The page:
Here’s the list of what I tasted for the first time:

  • Four Roses Single Barrel Private Selection OESO Barrel Proof – woody with some mild heat
  • Four Roses Single Barrel Private Selection OESF Barrel Proof – more caramel and vanilla than OESF, still the same wood with mild heat
  • High West 21 Year Rocky Mountain Rye – mild spice, mild wood, mild flavor, not much here for a rye
  • Jefferson 10 Year Rye – not much flavor or spice for a rye, more dry than sweet
  • Yamasaki 12 Year  – woody with honey, grass, bitter through to finish
  • Hookers House Bourbon – Pinot noir finished and its noticeable on the finish especially, tobacco, plum, raisin without sweetness, menthol, reminds me of wine finished ER10
  • Evan Williams Vintage Single Barrel 1998 – caramel, cherry, nice sweetness, tobacco, short finish but very good
  • Black Maple Hill Bourbon – sweet, menthol, tobacco, dark fruit, cocoa
  • StraightBourbon Blend  – definitely better than either Weller 12 or Old Weller Antique, tends more to OWA
  • StraightBourbon Dusty (Paper Label) Blend – less sweet and bit more wood than the newer blend with a longer finish
  • Tom Moore Bottled-in-Bond – really solid bourbon at around $20 for a handle

My pick of the day was Hooker’s House Bourbon because of it’s unique flavor profile.  The wine finishing really worked better than I expected it to.  This is only available in California as far as I know, so I’ll have to be on the lookout on my travels.  The other standouts were the StraightBourbon blends, Black Maple Hill and the old Evan Williams Single Barrel.  I did come home with a bottle of Four Roses Single Barrel OESF, thanks to a generous fellow StraightBourbon forum member, so that’s worth mentioning, too.  Oh, I almost forgot about my final pour of the day, Tom Moore BIB, which was very good.  I plan on looking for a bottle of this one so that I can study it a bit more, but I was very impressed with my quick introduction and the price makes it a bargain.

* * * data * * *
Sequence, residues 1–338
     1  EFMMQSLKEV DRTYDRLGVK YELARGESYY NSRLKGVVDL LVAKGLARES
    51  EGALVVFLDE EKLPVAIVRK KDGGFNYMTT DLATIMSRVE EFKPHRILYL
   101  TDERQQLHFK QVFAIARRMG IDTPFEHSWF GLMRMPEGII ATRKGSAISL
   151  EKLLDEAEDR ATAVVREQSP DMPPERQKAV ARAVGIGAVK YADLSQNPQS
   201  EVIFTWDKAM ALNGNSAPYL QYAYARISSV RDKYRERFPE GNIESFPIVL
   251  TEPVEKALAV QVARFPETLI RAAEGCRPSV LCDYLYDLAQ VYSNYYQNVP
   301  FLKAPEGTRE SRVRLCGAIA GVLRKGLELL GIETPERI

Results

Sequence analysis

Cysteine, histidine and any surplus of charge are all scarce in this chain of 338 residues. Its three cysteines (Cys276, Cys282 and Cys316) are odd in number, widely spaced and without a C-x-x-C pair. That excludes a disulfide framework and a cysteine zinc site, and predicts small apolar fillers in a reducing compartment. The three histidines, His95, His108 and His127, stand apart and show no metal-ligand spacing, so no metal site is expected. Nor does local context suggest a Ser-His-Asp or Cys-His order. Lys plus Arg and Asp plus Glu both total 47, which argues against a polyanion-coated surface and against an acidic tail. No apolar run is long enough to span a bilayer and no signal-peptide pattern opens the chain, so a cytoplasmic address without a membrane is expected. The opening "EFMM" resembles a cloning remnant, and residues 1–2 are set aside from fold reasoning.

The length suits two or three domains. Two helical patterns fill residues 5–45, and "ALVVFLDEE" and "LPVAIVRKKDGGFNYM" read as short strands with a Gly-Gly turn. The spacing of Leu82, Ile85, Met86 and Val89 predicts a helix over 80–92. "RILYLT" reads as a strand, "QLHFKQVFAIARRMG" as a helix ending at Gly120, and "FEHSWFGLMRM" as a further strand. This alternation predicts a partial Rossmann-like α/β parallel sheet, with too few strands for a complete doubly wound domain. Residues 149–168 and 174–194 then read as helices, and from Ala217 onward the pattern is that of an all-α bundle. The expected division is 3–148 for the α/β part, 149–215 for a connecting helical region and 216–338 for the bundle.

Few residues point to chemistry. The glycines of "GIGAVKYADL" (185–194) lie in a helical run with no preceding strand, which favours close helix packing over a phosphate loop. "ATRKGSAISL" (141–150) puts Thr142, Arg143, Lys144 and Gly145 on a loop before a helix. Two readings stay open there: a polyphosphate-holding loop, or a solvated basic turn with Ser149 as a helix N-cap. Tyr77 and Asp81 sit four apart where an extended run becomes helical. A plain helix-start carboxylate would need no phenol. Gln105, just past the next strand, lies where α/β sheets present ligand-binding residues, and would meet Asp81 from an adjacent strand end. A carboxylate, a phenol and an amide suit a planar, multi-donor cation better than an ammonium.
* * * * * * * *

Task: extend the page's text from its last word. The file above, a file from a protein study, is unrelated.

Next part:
High West Rendezvous Rye

Straight Rye, 6-16 Years, 46% ABV, $40

This is a blend of 6 and 16 year old sourced rye according to the distiller. That makes it the oldest rye I’ve had yet.  It’s also worth noting that the 6 year old rye contains 95% rye in the mash bill (only 51% is required to call it rye whiskey).

The nose is mild, but nice… toffee, straw, ginger, cocoa and dark cherries. The taste fruity and spicy up front and mildly woody on the finish without loosing the fruity and spicy elements… and it lasts a long time. The flavors are lemon, ginger, cherry, apple, pear, honey, dark roasted coffee, black pepper and orange. The finish is woody, but not leathery and the complementary spice and subtle fruits add a lot to it.

This is a great rye whiskey and my favorite to date, edging out the Willett Single Barrel mostly because of the nice aging elements. I’d love to get a taste of their now depleted 16 year old Rocky Mountain Rye, but that’s highly unlikely. At some point I may spring for a bottle of their 21 year old version.